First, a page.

In summary

On a quest to capture new “sources” resulting from dying stars and cosmic explosions, astronomers are taking unique photos of cosmos rarely seen by the ordinary person. Analysis for The Conversation by Sara Webb and Dr Rebecca Allen, Swinburne University of Technology.

Across Australia, astronomers are using cutting-edge technologies to capture the night sky, hoping to eventually tackle some of our biggest questions about the universe.

As we and our colleagues delve deeper into the cosmos, looking for cosmic explosions, our observations are helping shed light on longstanding mysteries — and making way for entirely new paths of inquiry.

Cosmic eruptions fill the sky

Swinburne’s Deeper, Wider, Faster (DWF) program — which one of us (Sara Webb) worked on throughout her PhD — was developed to hunt for the fastest and most mysterious explosions in the universe.

But to understand what causes cosmic explosions, we must “look” at these events with multiple eyes, through different telescopes around the world. Today we’ll take you on a journey using data from one of these telescopes, the Blanco 4m, at Chile’s Cerro Tololo Inter-American Observatory.

The Blanco 4m telescope in Chile. This telescope has a dark energy camera attached to it. Rebecca Allen

First, all 60+ individual images taken of the field of view from this telescope are combined into a mosaic. Within them we see the thousands of bright sources.

This is an example of dark energy camera data taken by the DWF program. This image is of an enormous section of the sky. Sara Webb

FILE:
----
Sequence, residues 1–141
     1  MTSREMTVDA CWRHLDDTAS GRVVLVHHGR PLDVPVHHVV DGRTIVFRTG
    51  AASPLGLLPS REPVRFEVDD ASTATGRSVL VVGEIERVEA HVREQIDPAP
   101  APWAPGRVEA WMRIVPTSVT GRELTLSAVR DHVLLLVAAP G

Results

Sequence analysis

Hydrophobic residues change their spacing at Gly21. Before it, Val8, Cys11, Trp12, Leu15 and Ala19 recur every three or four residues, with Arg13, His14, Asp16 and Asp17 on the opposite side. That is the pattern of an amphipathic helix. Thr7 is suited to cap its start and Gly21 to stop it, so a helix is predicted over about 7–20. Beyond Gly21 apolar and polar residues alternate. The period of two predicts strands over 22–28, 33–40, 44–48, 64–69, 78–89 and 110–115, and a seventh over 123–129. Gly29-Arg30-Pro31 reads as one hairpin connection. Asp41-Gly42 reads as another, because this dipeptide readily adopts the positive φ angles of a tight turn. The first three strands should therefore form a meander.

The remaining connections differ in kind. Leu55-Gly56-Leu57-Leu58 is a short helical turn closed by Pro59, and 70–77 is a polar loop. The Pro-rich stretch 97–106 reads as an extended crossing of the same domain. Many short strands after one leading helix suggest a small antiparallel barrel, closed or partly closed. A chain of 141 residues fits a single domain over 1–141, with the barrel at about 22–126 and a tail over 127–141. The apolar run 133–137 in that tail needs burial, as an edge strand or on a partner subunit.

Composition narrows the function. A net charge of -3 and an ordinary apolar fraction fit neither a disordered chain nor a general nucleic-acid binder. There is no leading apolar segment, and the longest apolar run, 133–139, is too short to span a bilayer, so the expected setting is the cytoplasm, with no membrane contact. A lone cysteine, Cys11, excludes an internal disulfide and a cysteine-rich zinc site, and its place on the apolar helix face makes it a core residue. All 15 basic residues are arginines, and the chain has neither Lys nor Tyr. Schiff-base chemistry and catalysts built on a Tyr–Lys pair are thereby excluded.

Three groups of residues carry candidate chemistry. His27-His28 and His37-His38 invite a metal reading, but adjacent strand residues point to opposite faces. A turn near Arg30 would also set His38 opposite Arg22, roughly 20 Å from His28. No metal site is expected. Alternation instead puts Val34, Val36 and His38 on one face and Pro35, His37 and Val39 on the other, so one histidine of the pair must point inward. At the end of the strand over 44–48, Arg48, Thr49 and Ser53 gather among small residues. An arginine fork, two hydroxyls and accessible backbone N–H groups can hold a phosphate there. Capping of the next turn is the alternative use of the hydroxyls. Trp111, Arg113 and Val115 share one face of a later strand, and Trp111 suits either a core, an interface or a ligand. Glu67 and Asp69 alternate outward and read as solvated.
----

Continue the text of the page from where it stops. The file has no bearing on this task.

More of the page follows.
These images are transferred across the Pacific to be processed on Swinburne’s OzStar supercomputer — which is more powerful than 10,000 personal laptops and can handle thousands of different jobs at once.

Once uploaded, the images are broken down into smaller chunks. This is when we start to see details.

Pictured are some of the galaxies visible within smaller cutouts of data sent to the DWF program from the Blanco 4m. Sara Webb

But the galaxies above, spectacular as they are, still aren’t what we’re looking for. We want to capture new “sources” resulting from dying stars and cosmic explosions, which we can identify by having our computers search for light in places it wasn’t previously detected.

A source could be many different things including a flaring star, a dying star or an asteroid. To find out we have to collect continuous information about its brightness and the different wavelengths of light it emits, such as radio, x-ray, gamma-ray and so forth.

To the left is an old image of a patch of sky and to the right is a updated image with a new source having just occurred. This one is likely a flare star or an asteroid. Sara Webb